#HemoGirlfriend

At first glance, I usually strike people as a regular girl who goes to work on weekdays, likes art, notebooks, and pretty pens, and happens to have a boyfriend.

But one thing most people don’t know about me is that I’m a #HemoGirlfriend, or a partner to someone who has hemophilia. He also has epilepsy, which is a totally different sickness. (Read on to find out how the two became related in his case.)

Jared and I at my graduation ceremony. 🌻

What is hemophilia, exactly?

Whenever I tell people that my boyfriend, Jared, has hemophilia, they usually give me perplexed stares and ask: “What’s that?”

For an illness that seems to pop up all the time in biology class, it’s surprising that very few people seem to know about it in real life. I remember the first time I found out he had hemophilia — we weren’t together yet by then. A close friend of mine whom he had dated at one point (long story lol) told me about it, but I didn’t think about it too much — at least not until he and I got close. All I knew then was that hemophilia caused abnormal bleeding, and that Prince Alexei of Russia (Anastasia’s little bro) also had it back in the 1910s. Alexei’s life was far from a breeze, whereas Jared always looked strong and healthy.

According to the Mayo Clinic:

Hemophilia is a rare disorder in which your blood doesn’t clot normally because it lacks sufficient blood-clotting proteins (clotting factors). If you have hemophilia, you may bleed for a longer time after an injury than you would if your blood clotted normally.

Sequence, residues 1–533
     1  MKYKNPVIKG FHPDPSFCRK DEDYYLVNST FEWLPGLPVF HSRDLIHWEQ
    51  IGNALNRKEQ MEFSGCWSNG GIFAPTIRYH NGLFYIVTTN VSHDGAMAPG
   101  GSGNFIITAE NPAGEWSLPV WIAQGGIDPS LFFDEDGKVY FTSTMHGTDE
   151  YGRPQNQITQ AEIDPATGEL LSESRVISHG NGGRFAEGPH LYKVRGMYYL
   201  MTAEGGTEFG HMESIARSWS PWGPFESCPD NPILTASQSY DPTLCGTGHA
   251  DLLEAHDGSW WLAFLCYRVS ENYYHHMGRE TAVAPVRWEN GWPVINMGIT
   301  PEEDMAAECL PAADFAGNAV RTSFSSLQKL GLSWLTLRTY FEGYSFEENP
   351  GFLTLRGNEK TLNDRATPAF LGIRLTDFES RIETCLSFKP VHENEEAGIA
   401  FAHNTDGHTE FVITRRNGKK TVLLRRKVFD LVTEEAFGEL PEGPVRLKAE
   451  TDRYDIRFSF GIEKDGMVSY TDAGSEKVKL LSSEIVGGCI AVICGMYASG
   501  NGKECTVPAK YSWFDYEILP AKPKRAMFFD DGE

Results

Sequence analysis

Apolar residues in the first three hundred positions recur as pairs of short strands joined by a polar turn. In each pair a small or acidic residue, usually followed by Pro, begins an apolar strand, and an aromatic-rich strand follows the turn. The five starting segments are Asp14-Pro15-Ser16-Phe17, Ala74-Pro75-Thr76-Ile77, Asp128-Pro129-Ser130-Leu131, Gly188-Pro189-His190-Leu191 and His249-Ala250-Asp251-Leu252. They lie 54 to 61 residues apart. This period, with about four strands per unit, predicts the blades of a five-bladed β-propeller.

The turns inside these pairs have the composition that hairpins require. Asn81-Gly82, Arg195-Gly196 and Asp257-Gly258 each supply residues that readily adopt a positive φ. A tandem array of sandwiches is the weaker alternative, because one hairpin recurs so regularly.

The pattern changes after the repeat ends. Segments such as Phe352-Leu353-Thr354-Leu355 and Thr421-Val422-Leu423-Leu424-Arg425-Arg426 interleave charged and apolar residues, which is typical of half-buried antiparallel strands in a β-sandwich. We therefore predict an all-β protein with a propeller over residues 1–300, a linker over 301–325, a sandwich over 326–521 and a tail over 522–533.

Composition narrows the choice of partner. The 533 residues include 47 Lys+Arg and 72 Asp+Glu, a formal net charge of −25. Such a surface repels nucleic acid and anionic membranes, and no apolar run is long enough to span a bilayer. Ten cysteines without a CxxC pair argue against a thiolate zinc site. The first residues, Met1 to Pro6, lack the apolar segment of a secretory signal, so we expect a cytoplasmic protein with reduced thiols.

Small cuts usually aren’t much of a problem. The greater health concern is deep bleeding inside your body, especially in your knees, ankles and elbows. That internal bleeding can damage your organs and tissues, and may be life-threatening.

In the case of my boyfriend, he’s missing Factor IX, therefore he has Hemophilia type B, less commonly known as “Christmas Disease.” The disease affects people in different levels or severities, depending on how much clotting factor is missing. My boyfriend doesn’t have much clotting factor in his blood, so his hemophilia is of the severe kind.

How do you get hemophilia?

Hemophilia is usually inherited, and it only affects males. (There are forms of pseudo-hemophilia that also affect girls, if I’m not mistaken, such as Von Willebrand’s Disease, but it’s much easier to refer to true hemophilia as hemophilia and stick with VWD for the female bleeding disorder). It’s X-linked, so affected males get it from a faulty gene that is passed down by their mother. The mom, who may or may not show symptoms of a bleeding disorder, is called a “carrier.”

However, in some cases, one can still get diagnosed with hemophilia even though it doesn’t run in the family. My boyfriend is one of these cases. His hemophilia was the result of a genetic mutation. He’s hoping that, one day, gene therapy will become advanced enough to cure hemophilia, but until then, he has to rely on factor infusions given right after a bleeding (sometimes preventively, before an event that could cause a bleed, such as intense physical activity).

A typical setup for factor infusion.

In developed countries, factor infusions are given to hemophilia patients regularly (prophylaxis), but because we live in the Philippines, which is a developing country that doesn’t officially recognize hemophilia and other chronic illnesses as disabilities, we must rely on donations from hospitals in other countries, like the US. Due to a shortage of supply, medication is usually given only as treatment for bleeds, not as a preventive measure. Oftentimes, these medications may even be way past their expiry date; thankfully, these are still considered good to use. Since law declares that expired medicines be banned from importation, the local organization must negotiate with the authorities to get the medication through.

What transfusion usually looks like.

Whenever I tell other people about my boyfriend’s hemophilia, they usually worry that he would bleed to death. Oftentimes, they believe this means that he shouldn’t cut himself, even with a piece of paper. This couldn’t be more false! As a matter of fact, Jared lives a pretty normal life — cooking, going to work on weekdays, heading to the gym. He loves pumping iron! (Hence that body of his, hehe.)